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I have a binary file that is all 8 bit integers. I have tried to use the php unpack() functions but I cant get any of the arguments to work for 1 byte integers. I have tried to combine the data with a dummy byte so that I can use the 'n'/'v' arguments. I am working with a windows machine to do this. Ultimately I would like a function to return an array of integers based on a string of 8 bit binary integers. The code I have tried is below -

$dat_handle = "intergers.dat";
$dat_file = fopen($dat_handle, "rb");
$dat_data = fread($dat_file, 1);
$dummy = decbin(0);
$combined = $dummy.$dat_data;
$result = unpack("n", $combined);
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"n" is unsigned short -- 16 bits. Of course reading a 8 bit int is gonna fail if you read it as a 16 bit int ;). Try unpack("c", $combined); –  Frank Farmer Apr 29 '11 at 2:35
1  
@Frank His idea is actually sound (assuming unsigned data), his execution is wrong. He's prepending '0' when he should be prepending chr(0). That said, this is still the wrong way to do it! –  Matthew Scharley Apr 29 '11 at 3:01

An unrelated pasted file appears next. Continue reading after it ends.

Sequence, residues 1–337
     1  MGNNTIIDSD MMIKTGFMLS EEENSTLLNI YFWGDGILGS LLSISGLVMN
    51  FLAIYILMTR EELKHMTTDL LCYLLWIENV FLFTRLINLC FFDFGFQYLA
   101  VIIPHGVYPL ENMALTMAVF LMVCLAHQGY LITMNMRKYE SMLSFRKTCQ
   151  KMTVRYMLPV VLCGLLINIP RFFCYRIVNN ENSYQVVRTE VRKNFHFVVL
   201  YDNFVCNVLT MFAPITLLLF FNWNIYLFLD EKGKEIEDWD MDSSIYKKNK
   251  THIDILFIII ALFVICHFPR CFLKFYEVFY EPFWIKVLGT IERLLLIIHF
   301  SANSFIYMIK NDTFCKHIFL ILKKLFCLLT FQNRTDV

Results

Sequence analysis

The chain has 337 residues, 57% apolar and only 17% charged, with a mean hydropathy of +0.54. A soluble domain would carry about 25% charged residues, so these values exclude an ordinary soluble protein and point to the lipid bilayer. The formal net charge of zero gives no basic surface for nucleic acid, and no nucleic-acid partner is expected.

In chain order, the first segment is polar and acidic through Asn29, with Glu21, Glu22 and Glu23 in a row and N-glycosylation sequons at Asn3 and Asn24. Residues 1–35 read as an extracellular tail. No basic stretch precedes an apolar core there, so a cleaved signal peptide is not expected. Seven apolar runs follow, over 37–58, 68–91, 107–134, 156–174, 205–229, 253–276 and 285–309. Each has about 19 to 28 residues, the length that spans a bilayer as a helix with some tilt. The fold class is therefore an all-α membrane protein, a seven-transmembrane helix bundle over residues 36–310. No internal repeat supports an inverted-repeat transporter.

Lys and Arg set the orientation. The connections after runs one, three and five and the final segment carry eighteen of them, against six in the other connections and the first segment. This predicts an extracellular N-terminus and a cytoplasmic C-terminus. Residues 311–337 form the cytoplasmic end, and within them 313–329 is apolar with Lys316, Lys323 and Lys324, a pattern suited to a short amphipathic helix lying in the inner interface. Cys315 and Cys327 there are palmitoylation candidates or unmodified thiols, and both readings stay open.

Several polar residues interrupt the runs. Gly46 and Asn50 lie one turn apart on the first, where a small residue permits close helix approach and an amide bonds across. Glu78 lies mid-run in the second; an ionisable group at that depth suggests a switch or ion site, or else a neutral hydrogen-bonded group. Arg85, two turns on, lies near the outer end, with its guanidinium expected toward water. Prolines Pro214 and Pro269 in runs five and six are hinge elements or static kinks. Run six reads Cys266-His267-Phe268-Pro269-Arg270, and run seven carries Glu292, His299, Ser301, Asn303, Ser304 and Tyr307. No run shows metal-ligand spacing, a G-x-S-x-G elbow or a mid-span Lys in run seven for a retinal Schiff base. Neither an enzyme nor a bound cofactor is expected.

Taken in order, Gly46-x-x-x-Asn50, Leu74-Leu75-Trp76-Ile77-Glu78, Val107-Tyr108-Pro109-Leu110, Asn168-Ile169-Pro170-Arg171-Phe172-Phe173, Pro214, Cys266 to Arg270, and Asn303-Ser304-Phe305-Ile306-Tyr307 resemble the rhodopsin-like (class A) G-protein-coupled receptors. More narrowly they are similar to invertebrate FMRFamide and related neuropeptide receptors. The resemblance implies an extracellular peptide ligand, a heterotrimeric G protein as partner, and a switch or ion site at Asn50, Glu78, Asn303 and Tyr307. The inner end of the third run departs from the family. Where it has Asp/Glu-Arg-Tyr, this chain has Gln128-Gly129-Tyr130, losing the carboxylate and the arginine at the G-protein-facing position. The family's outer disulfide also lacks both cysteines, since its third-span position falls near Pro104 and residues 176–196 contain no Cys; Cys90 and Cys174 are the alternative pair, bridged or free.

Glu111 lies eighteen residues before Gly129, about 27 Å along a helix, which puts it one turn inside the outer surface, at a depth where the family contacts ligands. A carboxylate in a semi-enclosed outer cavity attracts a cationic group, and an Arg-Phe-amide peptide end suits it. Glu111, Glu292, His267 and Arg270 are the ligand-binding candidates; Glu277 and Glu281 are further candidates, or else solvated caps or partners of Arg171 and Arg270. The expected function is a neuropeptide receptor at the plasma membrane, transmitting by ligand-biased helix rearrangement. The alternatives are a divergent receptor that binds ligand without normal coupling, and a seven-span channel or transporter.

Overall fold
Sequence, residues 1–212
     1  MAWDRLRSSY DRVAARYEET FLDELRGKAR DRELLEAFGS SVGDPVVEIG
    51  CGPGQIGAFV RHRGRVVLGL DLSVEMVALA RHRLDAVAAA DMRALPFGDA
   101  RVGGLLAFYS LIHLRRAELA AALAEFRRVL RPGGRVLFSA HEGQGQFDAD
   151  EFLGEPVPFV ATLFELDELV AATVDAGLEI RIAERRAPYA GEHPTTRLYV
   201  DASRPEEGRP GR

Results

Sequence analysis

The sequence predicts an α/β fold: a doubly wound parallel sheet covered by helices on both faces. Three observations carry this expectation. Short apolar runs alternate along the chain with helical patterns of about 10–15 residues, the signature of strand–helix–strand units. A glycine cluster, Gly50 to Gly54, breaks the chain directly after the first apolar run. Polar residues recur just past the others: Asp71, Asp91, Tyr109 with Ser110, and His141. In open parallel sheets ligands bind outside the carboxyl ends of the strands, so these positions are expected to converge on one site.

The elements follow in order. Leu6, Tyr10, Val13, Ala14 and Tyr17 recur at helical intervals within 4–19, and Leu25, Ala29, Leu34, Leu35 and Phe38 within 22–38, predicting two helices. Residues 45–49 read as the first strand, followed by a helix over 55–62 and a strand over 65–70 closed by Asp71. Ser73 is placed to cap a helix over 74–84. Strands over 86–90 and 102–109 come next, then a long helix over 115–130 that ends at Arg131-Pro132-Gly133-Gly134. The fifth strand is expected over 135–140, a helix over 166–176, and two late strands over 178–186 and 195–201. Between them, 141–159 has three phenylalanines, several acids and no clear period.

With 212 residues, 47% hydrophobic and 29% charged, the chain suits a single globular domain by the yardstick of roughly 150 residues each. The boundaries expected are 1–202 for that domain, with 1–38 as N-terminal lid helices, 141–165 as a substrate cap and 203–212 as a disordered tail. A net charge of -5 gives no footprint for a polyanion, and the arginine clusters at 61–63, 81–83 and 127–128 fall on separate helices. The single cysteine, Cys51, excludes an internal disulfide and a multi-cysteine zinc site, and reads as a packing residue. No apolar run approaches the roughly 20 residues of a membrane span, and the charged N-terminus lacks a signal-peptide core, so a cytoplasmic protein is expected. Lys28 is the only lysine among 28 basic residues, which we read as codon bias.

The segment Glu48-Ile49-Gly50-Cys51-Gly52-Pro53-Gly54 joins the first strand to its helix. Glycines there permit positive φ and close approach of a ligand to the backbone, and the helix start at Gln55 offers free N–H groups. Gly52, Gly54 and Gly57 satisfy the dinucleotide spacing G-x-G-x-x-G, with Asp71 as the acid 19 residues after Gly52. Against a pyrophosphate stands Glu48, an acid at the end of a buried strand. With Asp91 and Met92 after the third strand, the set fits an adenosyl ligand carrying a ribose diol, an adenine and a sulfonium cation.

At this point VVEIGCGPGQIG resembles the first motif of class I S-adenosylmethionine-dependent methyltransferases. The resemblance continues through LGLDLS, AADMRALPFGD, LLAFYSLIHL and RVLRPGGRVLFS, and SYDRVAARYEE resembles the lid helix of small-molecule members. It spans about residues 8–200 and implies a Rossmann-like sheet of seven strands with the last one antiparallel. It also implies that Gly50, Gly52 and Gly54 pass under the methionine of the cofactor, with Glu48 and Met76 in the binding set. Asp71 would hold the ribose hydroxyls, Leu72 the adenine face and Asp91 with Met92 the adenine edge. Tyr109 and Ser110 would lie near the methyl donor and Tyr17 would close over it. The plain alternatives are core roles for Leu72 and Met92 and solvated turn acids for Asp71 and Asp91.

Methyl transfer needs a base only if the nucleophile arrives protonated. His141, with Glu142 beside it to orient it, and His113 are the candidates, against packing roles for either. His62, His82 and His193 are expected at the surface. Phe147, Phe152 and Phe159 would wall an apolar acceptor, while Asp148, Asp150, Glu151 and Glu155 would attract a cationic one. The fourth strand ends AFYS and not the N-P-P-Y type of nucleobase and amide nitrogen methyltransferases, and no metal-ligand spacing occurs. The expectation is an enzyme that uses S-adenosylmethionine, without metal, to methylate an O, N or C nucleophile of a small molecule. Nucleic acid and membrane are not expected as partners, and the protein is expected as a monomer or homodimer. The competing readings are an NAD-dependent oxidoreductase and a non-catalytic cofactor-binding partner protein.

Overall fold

You're right: decbin returns the a PHP string containing the char "0", which is not at all what he was aiming for. –  Frank Farmer Apr 29 '11 at 3:09

2 Answers 2

up vote 3 down vote accepted

What your looking for is the char datatype. Now there are two version of this, signed (lowercase c) and unsigned (uppercase C). Just use the one that's correct for your data.

<?php
    $byte = unpack('c', $byte);
?>

Also, if the data file is just a bunch of bytes and nothing else, and you know it's length, you can do this. (If the length is 16 signed chars in a row.)

<?php
    $bytes = unpack('c16', $byte);
?>

If you don't know how many bytes will be in the file, but you know there is only going to be bytes you can use the asterisk code to read until EOF.

<?php
    $bytes = unpack('c*', $byte);
?>
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The following should do what you want (ord):

$dat_handle = "intergers.dat";
$dat_file = fopen($dat_handle, "rb");
$dat_data = ord(fread($dat_file, 1));

What you are trying to do is retrieve the integer value of the single byte. Because you are reading in single bytes at a time, you will always have exactly one valid ASCII character. ord returns the binary value of that one character.

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